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By Jeffrey S. Inglis
This article follows up on the Final Declaration of Rangzen Conference conducted in May 23 and 24 of 2015 in New Delhi.
I wish to congratulate the leaders, the organizers and the participants of this important conference. It has the potential to become an ongoing event that will be of fundamental importance to the future of Tibet.
However, if that is to happen, I suggest that the conference agenda become much more comprehensive in at least acknowledging the vast array of complex and challenging issues.
In reading the Constitution, it is not difficult to note that countless actions undertaken by the state are not in compliance with the Constitution; nor is it difficult to understand that the lack of compliance enjoyed by the state is due to the absence of legal and political accountability mechanisms. (2)
Election Commission Announces Preliminary and Final Election Dates for Sikyong and 16th Tibetan Parliament
Source: Tibet.net (the official website of the CTA)
By Staff Writer
Mr. Sonam Choephel Shosur, the chief Election Commissioner accompanied by Additional Election Commissioners Ven. Geshe Tenpa Tashi and Mr. Tenzin Choephel at the press conference, 10 June 2015.
DHARAMSHALA: The Election Commission of the Central Tibetan Administration today announced the dates for the preliminary and final election of Sikyong of the 15th Kashag and members of the 16th Tibetan Parliament-in-Exile.
“The preliminary election for Sikyong and members of the 16th Tibetan Parliament is slated for 18 October 2015. The final election would be held on 20 March 2016,” Mr. Sonam Choephel Shosur, the Chief Election Commissioner, said. The Election Commissioner is accompanied by the two Additional Election Commissioners appointed recently by the standing committee of the Tibetan parliament in lieu of the upcoming elections.
The election commission also announced the new rules regarding campaign expenses and activities of the candidates.
“The total campaign expense for a Sikyong candidate should not exceed INR 8 Lacs and the campaign expense for a candidate for the Tibetan Parliament-in-Exile should not exceed INR 3 Lacs,” the Election Commissioner said, adding that all campaign activities should cease two days before the final Election Day.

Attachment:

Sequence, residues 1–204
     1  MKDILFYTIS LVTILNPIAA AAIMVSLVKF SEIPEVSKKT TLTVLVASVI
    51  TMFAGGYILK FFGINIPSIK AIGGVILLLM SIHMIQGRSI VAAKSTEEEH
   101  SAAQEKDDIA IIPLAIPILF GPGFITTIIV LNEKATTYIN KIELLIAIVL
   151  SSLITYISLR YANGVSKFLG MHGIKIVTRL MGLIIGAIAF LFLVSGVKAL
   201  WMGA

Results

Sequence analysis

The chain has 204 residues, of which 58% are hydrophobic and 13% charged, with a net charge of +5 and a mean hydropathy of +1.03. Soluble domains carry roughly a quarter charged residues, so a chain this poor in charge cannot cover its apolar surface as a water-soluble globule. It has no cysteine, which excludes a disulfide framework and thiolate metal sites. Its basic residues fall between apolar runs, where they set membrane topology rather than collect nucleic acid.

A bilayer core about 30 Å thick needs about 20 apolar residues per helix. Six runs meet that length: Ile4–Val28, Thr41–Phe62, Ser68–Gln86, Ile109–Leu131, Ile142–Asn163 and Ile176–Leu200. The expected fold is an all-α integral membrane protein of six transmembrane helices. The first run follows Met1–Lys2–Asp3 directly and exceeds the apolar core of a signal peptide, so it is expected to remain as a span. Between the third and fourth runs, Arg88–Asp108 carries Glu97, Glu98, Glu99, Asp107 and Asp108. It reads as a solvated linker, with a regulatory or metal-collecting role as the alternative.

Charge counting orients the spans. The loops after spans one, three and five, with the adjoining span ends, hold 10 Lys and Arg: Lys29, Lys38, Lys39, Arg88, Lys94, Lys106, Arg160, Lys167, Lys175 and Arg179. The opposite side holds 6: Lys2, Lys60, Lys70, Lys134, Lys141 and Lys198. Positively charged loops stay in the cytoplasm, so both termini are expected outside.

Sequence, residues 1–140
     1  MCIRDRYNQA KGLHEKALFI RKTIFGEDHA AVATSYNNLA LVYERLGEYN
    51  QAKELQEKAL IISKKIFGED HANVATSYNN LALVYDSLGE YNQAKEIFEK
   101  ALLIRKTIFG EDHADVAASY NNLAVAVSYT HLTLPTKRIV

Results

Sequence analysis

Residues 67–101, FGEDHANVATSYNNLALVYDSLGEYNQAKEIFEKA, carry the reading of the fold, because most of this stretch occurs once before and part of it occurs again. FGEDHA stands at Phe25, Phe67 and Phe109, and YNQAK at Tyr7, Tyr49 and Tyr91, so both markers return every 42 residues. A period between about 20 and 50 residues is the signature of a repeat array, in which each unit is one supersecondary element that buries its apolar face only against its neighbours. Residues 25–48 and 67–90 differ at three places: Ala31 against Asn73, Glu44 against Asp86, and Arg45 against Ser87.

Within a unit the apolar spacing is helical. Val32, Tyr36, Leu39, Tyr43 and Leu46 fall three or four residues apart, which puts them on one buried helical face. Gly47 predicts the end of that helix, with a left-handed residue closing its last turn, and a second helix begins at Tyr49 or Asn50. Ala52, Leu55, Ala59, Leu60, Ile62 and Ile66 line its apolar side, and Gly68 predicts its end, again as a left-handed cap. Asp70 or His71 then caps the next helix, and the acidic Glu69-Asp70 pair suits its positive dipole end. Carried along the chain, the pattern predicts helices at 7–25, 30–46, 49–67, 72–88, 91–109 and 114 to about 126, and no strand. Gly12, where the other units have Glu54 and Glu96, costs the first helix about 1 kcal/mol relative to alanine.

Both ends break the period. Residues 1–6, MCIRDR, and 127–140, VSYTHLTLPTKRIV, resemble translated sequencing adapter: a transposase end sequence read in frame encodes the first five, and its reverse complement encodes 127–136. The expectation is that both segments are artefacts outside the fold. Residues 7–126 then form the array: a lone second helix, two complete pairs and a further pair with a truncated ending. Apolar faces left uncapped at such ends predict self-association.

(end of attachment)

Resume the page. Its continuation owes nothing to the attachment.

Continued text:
The election commission urged the candidates to submit their names and details to their local election commission before announcing their candidacy. They also urged the candidates to refrain from excessive campaigning in sensitive areas such as Nepal where the local people are recovering from a severe natural tragedy.
The 2016 general election will elect the fourth directly elected Sikyong (earlier Kalon Tripa) and the 16th Tibetan Parliament-in-Exile. The 16th Tibetan Parliament-in-Exile would be composed of 45 members with ten representatives each from the three traditional Tibetan provinces; two representatives each from the four major schools of Tibetan Buddhism and Bon religion, two representatives from North and South America, two representatives from Europe and Africa, and one representative from Australia and Asia (excluding India, Nepal and Bhutan).
For a complete detail of the announcement, click here.
Originally published at http://tibet.net/2015/06/election-commission-announces-preliminary-and-final-election-dates-for-sikyong-and-16th-tibetan-parliament/
By Lobsang Gyalpo
Some of you may know this story which is also known as the streetlight effect:
A police officer sees a person crawling around under a streetlight and asks him what he is doing. “Looking for my keys,” replies the person. “Where’d you lose them?” asks the officer. “‘Across the street,” comes the answer. “Then why look here?” questions the surprised officer. “‘Cause there’s lots more light here,” explains the person, continuing his search.
The streetlight syndrome reflects pretty much, in my opinion, our (Tibetans) approach or strategy to regaining our independence or autonomy or cultural survival or whatever. Whether this goal is to be achieved by violence or non-violence or through the middle way is one aspect that has to be considered. However, there is also another equally, if not more important, issue that has been completely ignored. The crux of the problem here is that our entire effort has been and continues to be concentrated on actions outside Tibet (under the street lamp) as opposed to inside Tibet (across the street) which is where the holy grail, be it independence or autonomy, etc., is to be achieved.
Obviously it is easier to search under the street lamp. Outside Tibet we are able to hold protests, lobby governments, organizations, politicians and celebrities, raise awareness of the Tibet issue through the media and public-awareness events, etc. However, the reality is that our goal for change inside Tibet cannot be achieved without actions that take place “across the street” i.e. inside Tibet. I am not aware of any freedom struggle that was successful solely through efforts undertaken outside the country in question. Understandably, we continue to search under the streetlight because we are comfortable with doing this. We know how to do this since we have been doing this for quite some time now and are now well trained in this type of support activity. We can see under the streetlight.